“Christmas is a hard time to start with but when you’ve got nothing it’s ridiculously hard”

As suffering families wait up to six weeks plus for their universal credit, Fashion North visits Britain’s first clothing bank where desperate families are reaching out for everything from prom dresses, school uniforms and Christmas clothing gifts.

The County Durham Socialists bank is one of the only clothing banks in Britain, if not the only bank in the North East. Situated in Brandon Community Hall, you’re eligible to attend the bank if you’re on any form of benefits. Dawn Wilson, 52, the founder of the bank, which has now been running for three years, was set up when Dawn over heard a conversation between a mother and son about how she couldn’t afford new shoes for both of her children.

Founder, Dawn Wilson

Dawn said: “When the bank first opened in 2014 there were around 20 people and by the end of the first year we were getting almost 200 through the door. Sometimes it’s the same local people but most of the time they come from all over the North East, Teesside, Sunderland, Newcastle, Hartlepool, you name it.

Piles of donated clothes

We had a gentleman before, his wife had died and he was with his two kids on his own and he just stood at the doors and cried because he was so embarrassed to come in. Me and the volunteers were all in tears by the time we got him through the door but he came in and got the help he needed. It’s very hard to watch, not everyone wants to admit they need help, but we’re all in the same situation, my husband is disabled.”


Jayne Gowland, a volunteer at the bank is in just as much need for help as the people that come through the door. Jayne’s husband is disabled and uses a wheelchair, however, the government took away their mobility vehicle. This urged Jayne to vote for Labour for the first time in the recent election, in order to receive more help.


Dawn added: “I’m sick of people having to fight over the benefits system over and over again, it’s just not fair to be told you’re disabled you can’t work but you’ve lost your leg, have cancer or are in a coma to be told you’re fit for work. Where are they going to get the jobs from?”


With the universal credit just rolling out at the end of October, the recent decisions from the Tory Government have upset a lot of people. With a six week roll out, families applying for universal credit in November will not receive a penny from their first claim until after Christmas, meaning more families in dire need of the clothing bank. “Christmas is a hard time to start with but when you’ve got nothing it’s ridiculously hard, it’s not just going to hit the young but the old too,” said Dawn.


The info graph below explains the current universal credit situation.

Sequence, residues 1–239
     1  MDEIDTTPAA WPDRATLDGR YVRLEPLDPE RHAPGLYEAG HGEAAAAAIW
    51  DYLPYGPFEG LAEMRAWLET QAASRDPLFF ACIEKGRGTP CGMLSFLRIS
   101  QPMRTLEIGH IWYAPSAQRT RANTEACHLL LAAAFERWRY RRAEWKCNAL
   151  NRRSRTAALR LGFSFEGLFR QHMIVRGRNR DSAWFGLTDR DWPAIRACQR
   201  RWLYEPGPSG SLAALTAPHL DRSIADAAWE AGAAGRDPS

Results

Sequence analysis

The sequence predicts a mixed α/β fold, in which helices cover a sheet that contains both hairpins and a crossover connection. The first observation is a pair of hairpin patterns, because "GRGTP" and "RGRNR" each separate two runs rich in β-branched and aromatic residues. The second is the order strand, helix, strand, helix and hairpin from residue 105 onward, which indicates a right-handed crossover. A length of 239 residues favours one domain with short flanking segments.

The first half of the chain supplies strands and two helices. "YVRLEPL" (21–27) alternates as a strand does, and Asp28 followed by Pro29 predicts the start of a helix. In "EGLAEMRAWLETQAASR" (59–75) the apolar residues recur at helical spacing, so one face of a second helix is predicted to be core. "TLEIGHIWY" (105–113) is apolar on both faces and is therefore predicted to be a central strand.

Trevor Bark, co-founder of the clothing bank said: “Christmas is unpredictable, last year we had over 250 people. They find amazing things, we’ve had wedding dresses, a Chanel bag and prom dresses. We actually hold an annual prom show.”


The bank usually struggles for men’s clothing but Dennis Easten, 54 from Stanley attends the bank every fortnight to collect clothes for his son though as nothing usually fits himself.


A food bank also runs alongside the fortnightly clothing bank in Durham, where retailers such as Greggs and the Co-op provide free food. Trevor said: “It’s like a co-promotion, synergy, it works well together.”


In a recent article the Victoria Derbyshire programme revealed that the flaws in the new credit system design are leaving people ‘near-destitute’, with the main interview being about a five-year-old child eating from bins.


Eileen McKnight-Smith, 57, a Business Management mature student at the University of Sunderland thinks that the Government are intending to make the benefits into a repayable loan, just like the student grants. She added: “I’ve also noticed that they’ve sneaked it through as a statutory notice.”


When asked whether more clothing banks are needed in Britain Eileen said: “They are a good idea but it’s difficult because some people might be embarrassed to go. In my day Schools provided items to poorer children but it was all very hush. It sounds like a strange idea but I think it would be good if the clothing bank could be made mobile, so that they travel to people instead of people travelling to them. Public transport is expensive, especially trying to get to Durham from the outline villages and if you haven’t got the money for clothes, you’re not going to have the money for travel either.”

Brandon Community Hall

Although the conversation of the universal credit has been spoken about a lot recently, some members of the public aren’t aware of the situations other families are in. Ian Spence, 60, a glass blower at the Glass Centre Sunderland, said: “I don’t know much about it, no-one I know is in this kind of situation but I would like to know if there are ways I can help.”


And there is, the Durham Socialist bank are always looking for donations, November 19 is the Christmas fair to raise money for toiletries and December 12 is the last bank of the year, which they are looking for children’s toy donations.


Alternatively, you can head over to their website https://www.cdsclothingbank.co.uk/ to donate or contact a member of the team if you’re thinking of starting your own bank, wanting any advice, or someone to talk to.


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